Working with experts is the name of the game in postgraduate courses. Thus, it was entirely fitting that for the final exercises of its 1987 session, the 98 members of the Los Angeles Philharmonic Institute Orchestra had the opportunity to play Prokofiev's Fifth Symphony under the leadership of Andre Previn in Hollywood Bowl on Sunday night.
Predictably, the aggressively virtuosic, highly accomplished students gave Previn--co-director of the 1987 institute and music director of the Philharmonic--all the brilliance, attentiveness and fervor of which they are capable. No doubt he has received less from professional bands. The aural results, paced and balanced by Previn's long-considered interpretive insights, did honor both to composer and conductor.
All that youthful energy did in some moments produce tensions not built into the score. A penchant for overplaying gave the upper strings an edge of sharpness the opening movement, which should prepare rather than conclude the musical argument of the total work, does not need. And a habit of overstatement in all instrumental choirs seemed to make diffuse the progress of the slow movement.
Most of the time, however, Previn's controlled overview, coolly analytical but effective in its application of color, prevailed and succeeded. The scherzo and finale, appropriately mordant in tone and light--but not vapid--of texture, made all their points intact.
Before intermission at this seasonal finale, Previn and the other Institute co-director, Lukas Foss, appeared as soloists in Mozart's Concerto for Two Pianos, and David Alan Miller, who presided over the orchestra in the concerto, also led Foss' "Night Music for John Lennon" (1980).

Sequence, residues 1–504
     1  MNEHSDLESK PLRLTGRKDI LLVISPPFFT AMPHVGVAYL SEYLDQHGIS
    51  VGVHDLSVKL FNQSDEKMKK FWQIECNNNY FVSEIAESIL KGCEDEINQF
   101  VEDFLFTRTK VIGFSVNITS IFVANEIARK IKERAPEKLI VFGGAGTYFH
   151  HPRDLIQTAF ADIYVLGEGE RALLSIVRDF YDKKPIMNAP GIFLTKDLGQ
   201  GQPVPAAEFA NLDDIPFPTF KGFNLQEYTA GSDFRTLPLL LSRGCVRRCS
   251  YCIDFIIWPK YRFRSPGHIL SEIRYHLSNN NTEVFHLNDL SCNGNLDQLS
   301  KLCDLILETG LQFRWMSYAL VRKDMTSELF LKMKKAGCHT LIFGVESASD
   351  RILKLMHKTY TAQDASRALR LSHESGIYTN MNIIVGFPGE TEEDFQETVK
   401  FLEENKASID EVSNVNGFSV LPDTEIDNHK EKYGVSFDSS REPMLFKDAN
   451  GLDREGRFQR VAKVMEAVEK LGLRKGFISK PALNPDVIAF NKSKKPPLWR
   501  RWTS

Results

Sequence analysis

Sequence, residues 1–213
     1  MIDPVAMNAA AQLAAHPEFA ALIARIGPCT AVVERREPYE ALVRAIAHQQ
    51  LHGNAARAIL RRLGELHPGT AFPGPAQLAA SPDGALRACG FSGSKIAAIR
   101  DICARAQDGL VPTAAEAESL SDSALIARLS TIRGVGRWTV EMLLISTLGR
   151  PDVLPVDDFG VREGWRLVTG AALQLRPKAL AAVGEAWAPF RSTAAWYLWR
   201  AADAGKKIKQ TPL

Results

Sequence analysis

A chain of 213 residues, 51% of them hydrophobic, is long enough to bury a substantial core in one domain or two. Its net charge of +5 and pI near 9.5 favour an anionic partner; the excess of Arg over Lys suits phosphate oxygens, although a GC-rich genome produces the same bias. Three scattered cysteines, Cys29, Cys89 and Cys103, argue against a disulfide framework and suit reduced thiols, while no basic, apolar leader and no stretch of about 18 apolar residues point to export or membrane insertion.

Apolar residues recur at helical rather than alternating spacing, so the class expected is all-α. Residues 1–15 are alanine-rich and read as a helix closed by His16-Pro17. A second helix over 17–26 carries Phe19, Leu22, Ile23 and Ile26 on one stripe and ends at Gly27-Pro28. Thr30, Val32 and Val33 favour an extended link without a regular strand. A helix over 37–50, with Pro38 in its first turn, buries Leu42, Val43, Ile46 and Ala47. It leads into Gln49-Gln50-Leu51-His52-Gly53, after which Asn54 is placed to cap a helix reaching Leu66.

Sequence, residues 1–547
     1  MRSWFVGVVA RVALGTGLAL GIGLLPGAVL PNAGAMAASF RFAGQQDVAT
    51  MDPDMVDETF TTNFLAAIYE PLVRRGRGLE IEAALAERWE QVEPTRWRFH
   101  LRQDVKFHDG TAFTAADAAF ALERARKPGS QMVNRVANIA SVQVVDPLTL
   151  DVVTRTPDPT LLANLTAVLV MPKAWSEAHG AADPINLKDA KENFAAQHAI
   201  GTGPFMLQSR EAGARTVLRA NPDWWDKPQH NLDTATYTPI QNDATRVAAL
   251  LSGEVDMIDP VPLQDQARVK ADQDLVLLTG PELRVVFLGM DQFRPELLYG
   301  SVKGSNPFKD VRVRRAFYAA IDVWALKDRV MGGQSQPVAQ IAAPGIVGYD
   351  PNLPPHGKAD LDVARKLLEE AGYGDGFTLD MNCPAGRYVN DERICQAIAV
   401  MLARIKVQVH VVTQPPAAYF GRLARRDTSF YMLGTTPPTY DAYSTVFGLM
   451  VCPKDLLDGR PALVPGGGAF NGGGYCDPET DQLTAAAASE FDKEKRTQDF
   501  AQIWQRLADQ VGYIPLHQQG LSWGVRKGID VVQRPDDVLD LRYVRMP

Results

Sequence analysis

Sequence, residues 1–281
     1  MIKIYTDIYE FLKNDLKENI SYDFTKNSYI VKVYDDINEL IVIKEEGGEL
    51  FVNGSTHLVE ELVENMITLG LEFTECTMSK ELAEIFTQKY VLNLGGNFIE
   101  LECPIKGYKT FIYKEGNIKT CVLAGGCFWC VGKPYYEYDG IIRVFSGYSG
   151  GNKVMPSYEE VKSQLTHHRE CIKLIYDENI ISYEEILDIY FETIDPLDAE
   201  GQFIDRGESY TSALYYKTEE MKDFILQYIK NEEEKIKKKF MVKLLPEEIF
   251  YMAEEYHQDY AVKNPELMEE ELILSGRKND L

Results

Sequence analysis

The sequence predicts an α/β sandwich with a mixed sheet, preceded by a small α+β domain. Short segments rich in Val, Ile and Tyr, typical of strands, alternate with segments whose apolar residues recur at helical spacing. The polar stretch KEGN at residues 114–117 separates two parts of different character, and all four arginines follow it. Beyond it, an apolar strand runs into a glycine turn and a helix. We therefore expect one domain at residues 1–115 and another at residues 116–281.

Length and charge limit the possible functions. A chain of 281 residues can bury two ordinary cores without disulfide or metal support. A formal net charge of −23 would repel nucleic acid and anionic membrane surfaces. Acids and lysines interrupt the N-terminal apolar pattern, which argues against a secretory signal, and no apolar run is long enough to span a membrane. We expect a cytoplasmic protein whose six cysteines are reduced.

The keyboard accomplishments of both Previn and Foss, who have long been considered composers and conductors first, and pianists second, are still well known. Neither had any apparent problems dealing with this most exposed of scores; as a team, too, the two players' ease with each other and with the materials at hand seemed assured. They played charmingly. But the amplification of the two Yamaha grands emerged more unnatural-sounding than usual, and with an uncharacteristic (in this setting) tubbiness.
Foss' 14-minute tone-poem, which features electric guitar and solo passages for a brass quintet, seemed as much a paean to the 1960s and '70s as to one of its more visible creative figures; in style, it appears to represent an homage to Leonard Bernstein, through its re-creating the sound and ambiance of "Mass."